As I chatted with numerous college students and provided résumé critiques at the Excellence in Journalism 2012 conference, I was shocked by how many were majoring in print journalism. In fact, I’m pretty sure I laughed at the first “print journalism” major I met.
If that student is reading this, I deeply apologize, because I wasn’t much different when I began: a mass communications major destined for a career as a newspaperman, in which I would be awake every night until 5 a.m. punching away at the keyboard while sucking down coffee in an attempt to hold off my inevitable alcoholism.
After a few years into my career, I realized this very idea was stagnant, not to mention impossible (I don’t like coffee).
Print journalism majors, in my scope of modern journalism, are hippies. Having said that, I feel I must help those hippies realize that their groovy ways are quickly approaching an obsolete state thanks to modern realities of the digital world. The newspaper (or even TV) isn’t where you break news; that’s now online and on a phone. And the news industry is a radically changing environment that will likely need more Web designers and app developers at a rate much faster than the demand for simply “writers/reporters.”
So, for the hippies who ultimately want a sustainable career in news media, I have some suggestions for what you can learn to catapult from “just a newspaper writer” to a full-fledged, in-demand digitally savvy Web journalist.
From the Web-design view, you should learn:
The coding language of the Web that determines the content you read and how it’s laid out on your screen, whether that is a laptop, desktop or mobile device. If you already work in a newsroom and you’re posting a breaking news story on your organization’s site, you’re creating HTML code that guides how your content is positioned within the frame of that website.
The coding language used for presentation. What makes a top story headline on The Huffington Post, The Drudge Report or CNN.com different in size and (sometimes) font style from all other headlines? What causes your byline to appear in a unique format, or a subhead to be more than just boldfaced text? Those answers typically lie in CSS.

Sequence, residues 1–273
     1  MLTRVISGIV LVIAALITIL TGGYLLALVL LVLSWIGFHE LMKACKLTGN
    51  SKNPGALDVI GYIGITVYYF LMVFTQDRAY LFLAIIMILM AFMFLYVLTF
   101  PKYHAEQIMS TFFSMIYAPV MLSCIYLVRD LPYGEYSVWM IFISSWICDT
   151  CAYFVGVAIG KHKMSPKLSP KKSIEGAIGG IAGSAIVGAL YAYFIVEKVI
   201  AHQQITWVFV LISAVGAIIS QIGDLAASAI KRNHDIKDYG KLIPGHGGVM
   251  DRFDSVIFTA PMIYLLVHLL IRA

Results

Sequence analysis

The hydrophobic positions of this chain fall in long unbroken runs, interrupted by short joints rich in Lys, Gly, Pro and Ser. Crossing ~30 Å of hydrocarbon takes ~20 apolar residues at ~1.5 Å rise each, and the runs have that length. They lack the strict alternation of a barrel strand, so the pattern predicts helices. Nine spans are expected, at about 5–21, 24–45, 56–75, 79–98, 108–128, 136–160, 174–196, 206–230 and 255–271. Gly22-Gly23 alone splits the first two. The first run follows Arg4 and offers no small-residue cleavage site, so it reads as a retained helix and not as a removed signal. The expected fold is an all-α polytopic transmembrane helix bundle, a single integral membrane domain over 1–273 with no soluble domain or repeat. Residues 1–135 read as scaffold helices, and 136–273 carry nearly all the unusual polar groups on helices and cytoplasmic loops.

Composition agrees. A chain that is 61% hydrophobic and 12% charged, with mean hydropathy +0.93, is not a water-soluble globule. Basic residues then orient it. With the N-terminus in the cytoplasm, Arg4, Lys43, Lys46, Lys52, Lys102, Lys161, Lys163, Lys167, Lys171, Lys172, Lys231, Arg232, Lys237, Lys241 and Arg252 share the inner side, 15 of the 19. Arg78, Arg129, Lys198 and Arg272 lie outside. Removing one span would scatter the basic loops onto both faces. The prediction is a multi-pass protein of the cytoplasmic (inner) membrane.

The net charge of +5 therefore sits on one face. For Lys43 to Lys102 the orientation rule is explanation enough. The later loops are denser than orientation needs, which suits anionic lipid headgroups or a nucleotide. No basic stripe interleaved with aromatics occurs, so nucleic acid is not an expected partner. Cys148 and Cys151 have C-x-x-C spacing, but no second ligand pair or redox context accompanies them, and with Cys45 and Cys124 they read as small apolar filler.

As for Web development, learn programming languages like MySQL and Php. These languages are greatly helpful and necessary in developing mobile apps and certain kinds of dynamic websites. Facebook, for example, was developed using Php. Think that site is going anywhere anytime soon? Well, it can if you learn enough about coding and language scripts to develop the next social media flagship that could sink it.
You can acquire Web skills from numerous sources: fellow SPJ members, MeetUp.com groups, continuing education programs at nearby colleges or universities and, obviously, on the Web. Specifically, check out w3schools.com, where you will find numerous tutorials and training exercises that can introduce you to these Web skills and concepts comfortably and at your own pace.
As I told many attendees at EIJ 2012, don’t be afraid. It’s OK that you chose the major you did if it leads you to the career you want. I’ve found the experience to be challenging but also incredibly rewarding. After only a few months of coursework in Web design and development at an Atlanta-area university, I know about three dozen different ways I can create and manipulate objects and media for the Web. Soon I’ll be able to come up with my own redesign for CNN.com (which is, in my opinion, an atrocious site for any news organization).
I wasn’t going to get these skills by merely being satisfied with just news writing and copy editing classes under my belt. Part of building a career is maintaining a sense of marketability. If you find yourself out of work sometime in the near future (it could happen to any of us), then being skilled in an ever-changing, in-demand field adaptable to news media is your best guarantee of a continued paycheck.
Because being ahead of the curve is always better than being left in the dust.
Tagged under: Generation J